With its whitewashed facade and handsome sash windows, Evans's house at Eton might not be the most spectacular of the many ancient buildings that make up Britain's most famous public school, but it has, in the words of its jovial house master Peter Broad, "a certain Jane Austen feel to it".
Indeed, the walled garden of Evans's house would make it the ideal setting for a Victorian romance. But beneath the mulberry, pear and rowan trees, there lurks an interloper from the modern age. In the middle of the lawn, where the boys like to play croquet in the summer, stands a bright red fibreglass "pod", an object so out of keeping with its surroundings that it might have crash-landed from another planet. Except that its occupants aren't aliens but Holly and Ivy, a couple of chickens Mr Broad bought for Christmas.
"It is a rather eye-catching design," Mr Broad admits. The Eglu is indeed a revolutionary coop which, by reinventing a forgotten feature of the farmyard, has succeeded in putting the chic back into chickens. And as more schools are finding out, chickens are cheap and easy to look after, friendly and funny and give their carers something special in return: a daily egg.
By making chicken-keeping accessible and fun, the Eglu has made unlikely hen-trepreneurs of its inventors - four friends who studied industrial design at the Royal College of Art just two years ago.
After graduating from their MA course in 2003, and trialling a series of prototypes in back gardens, they launched their company, Omlet, last May.
Since then they've sold more than 1,500 of their restyled chicken houses, which come complete with two chickens, a foxproof run and full instructions on how to care for your birds.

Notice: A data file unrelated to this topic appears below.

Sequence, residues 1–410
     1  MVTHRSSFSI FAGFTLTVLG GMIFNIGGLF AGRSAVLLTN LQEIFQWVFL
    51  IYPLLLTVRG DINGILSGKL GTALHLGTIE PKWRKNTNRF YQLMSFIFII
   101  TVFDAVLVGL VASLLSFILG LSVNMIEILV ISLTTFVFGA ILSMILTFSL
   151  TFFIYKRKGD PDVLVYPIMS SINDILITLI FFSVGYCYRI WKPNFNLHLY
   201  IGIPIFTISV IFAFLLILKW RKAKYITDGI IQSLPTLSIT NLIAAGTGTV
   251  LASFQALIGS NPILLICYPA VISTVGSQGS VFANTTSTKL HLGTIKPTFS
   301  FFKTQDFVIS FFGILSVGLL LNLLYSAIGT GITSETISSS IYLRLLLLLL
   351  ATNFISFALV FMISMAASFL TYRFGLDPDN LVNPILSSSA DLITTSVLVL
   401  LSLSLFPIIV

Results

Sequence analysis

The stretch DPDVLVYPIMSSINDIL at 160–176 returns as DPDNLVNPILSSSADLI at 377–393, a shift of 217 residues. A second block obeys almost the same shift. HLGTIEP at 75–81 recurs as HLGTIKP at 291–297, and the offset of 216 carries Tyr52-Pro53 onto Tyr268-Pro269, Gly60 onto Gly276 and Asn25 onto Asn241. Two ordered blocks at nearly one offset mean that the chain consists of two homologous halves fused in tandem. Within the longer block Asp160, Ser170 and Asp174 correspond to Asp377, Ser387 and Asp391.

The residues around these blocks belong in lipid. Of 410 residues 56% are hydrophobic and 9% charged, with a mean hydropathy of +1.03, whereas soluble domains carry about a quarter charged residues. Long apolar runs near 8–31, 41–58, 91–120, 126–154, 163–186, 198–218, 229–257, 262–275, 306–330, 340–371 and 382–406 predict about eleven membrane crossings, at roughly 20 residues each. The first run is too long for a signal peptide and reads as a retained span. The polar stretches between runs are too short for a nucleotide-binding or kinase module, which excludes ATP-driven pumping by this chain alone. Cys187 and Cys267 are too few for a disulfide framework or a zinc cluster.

"It seemed to be the right thing at the right time; people were getting more interested in food and healthy eating," says Johannes Paul, one of Omlet's founders. "We entered all these competitions and never won. We could have got disheartened, but we were never in any doubt that this was something that was going to be successful and people would go for it."
Their enthusiasm comes from the fact that Johannes and James Tuthill both grew up in families which kept chickens. At Omlet's headquarters, an outbuilding in the garden at James's parents' house in the Oxfordshire village of Wardington, there are Eglus on every spare patch of grass and chickens around every corner.
"They are such great pets," says Johannes. "Children absolutely love chickens. With any other animal they like them when they are small and cuddly and that's it. But chickens never get boring; they have a kind of fascination with them."
The two hens that come with the Eglu are a Ginger Nut Ranger (like a Rhode Island Red), which James describes as an "adventurous, outgoing chicken. It will come and sit on bonnet of your car when you are washing it, that type of thing"; and a Miss Pepperpot ("a bit more timid, but they get on well together").